On the other side in favor of the increased volatility scenario is obviously climate change which already is having an impact on agriculture with the more extreme weather conditions. Demand will be supported by China and neighboring countries which continue to grow and the Chinese population will not peak before it reaches 1.4 Billion people with consequent increased demand for food as well as changes in more animal protein rich diets and demand for animal feeding stuffs. At some stage India’s population will exceed Chinas and is becoming the new powerhouse with economic growth rates exceeding China’s. Although Africa’s population is expected to show the strongest growth of all, lack of purchasing power will restraint increase in demand.

Risk of volatility must be judged in relation to the situation on supply and demand where cereals are the main factor and a proxy for protein as well. On the demand side a stable and inelastic increase is to be foreseen. Consequently it is the supply side of cereals that is the key factor in the equation.

As a rule of thumb cereal stocks should represent minimum 18 % of consumption in order to avoid prices going up. According to the latest (5/5/2016) FAO Cereal Supply and Demand Brief :“the ratio of global cereal stock-to-utilization would fall only marginally, from 24.9 percent in the current season to 23.4 percent in 2016/17” (see Annex). Present stocks are consequently abundant which explains the very low cereal prices.

Past history shows however that the equation is easily disturbed if harvest fails in one or more important parts of the world. In particular if it happens in the main cereal producing and exporting countries this can have an immediate effect on prices.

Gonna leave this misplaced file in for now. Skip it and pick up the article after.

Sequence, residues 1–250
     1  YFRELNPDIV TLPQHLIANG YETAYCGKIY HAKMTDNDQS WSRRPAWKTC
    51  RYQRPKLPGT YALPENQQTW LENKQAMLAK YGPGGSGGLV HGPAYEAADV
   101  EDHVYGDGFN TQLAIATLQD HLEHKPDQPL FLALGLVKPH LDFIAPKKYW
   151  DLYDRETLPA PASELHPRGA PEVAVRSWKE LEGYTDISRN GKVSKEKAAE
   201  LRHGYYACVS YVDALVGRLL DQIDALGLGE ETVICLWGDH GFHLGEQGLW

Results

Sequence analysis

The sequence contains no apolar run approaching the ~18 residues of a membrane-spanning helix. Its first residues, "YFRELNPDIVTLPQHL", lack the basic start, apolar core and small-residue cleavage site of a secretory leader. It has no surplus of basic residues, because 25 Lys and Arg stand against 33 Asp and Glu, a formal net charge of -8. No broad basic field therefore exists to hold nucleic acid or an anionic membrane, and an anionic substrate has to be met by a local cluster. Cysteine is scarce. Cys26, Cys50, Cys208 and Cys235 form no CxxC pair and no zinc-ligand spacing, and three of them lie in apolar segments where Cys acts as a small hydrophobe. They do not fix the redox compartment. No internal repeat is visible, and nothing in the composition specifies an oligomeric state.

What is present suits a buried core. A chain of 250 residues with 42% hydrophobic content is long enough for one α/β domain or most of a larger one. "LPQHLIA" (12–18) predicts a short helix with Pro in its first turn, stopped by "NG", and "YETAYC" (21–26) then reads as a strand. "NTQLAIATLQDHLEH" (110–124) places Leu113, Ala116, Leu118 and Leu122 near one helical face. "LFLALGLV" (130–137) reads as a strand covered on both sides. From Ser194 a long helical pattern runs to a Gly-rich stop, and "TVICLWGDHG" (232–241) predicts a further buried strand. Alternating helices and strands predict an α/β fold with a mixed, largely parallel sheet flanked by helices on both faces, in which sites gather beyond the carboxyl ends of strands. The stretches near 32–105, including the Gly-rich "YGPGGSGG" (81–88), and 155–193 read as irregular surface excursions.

A further contribution to the discussion is provided by the “THE OECD-FAO AGRICULTURAL OUTLOOK 2015-2024 (OECD/FAO 2015) which has analyzed the evolution of prices prior to the 2007 price spike and the subsequent evolution since and into the future: They come to the following conclusion:

Even though real prices are projected to decline, this does not preclude the likelihood that prices will experience bouts of volatility, including upward price spikes, in the next ten years” (p. 49).

Further :

Indeed, the previous two marketing years were characterized by above average yields, which drove prices down to their current levels. Returning to more normal yields will decrease world supply of all major crops in the upcoming marketing seasons and as a result prices should rise” (p.50).

So there are arguments in favor of both lower long term real agricultural prices as well as risk of more volatility. It is not either/or nor mutually exclusive.

For European agriculture this is a rather worrying message given the serious income problem in particular for farmers involved in animal production.

Certainly cereals and proteins as animal feeding stuffs represent one of the most important costs of animal production. Low prices on feed grains and protein help. Equally low oil prices which is another production cost factor by direct energy use and indirectly on the cost of fertilizers. However the net result is still negative with the low market prices not providing a profit to cover not only the variable costs but also the fixed costs and remuneration to the farmer and his help.

If thus both low real prices and increased volatility is the” New Normal” the consequences could be dire.

Low prices will result in many farmers (small and older) leaving agriculture even quicker and accelerating the structural change towards fewer and larger farms with negative effect on the so-called territorial balance and disfavored areas. Permanent lower animal production might also be the consequence affecting self-sufficiency ratios and exports.

Higher price volatility affects all farmers but mostly the bigger farmers with high turnover and high levels of debt underlining the need for increased risk management tools both at farmer as well at the level of the CAP.

We need to find an appropriate policy response with as many instruments as targets.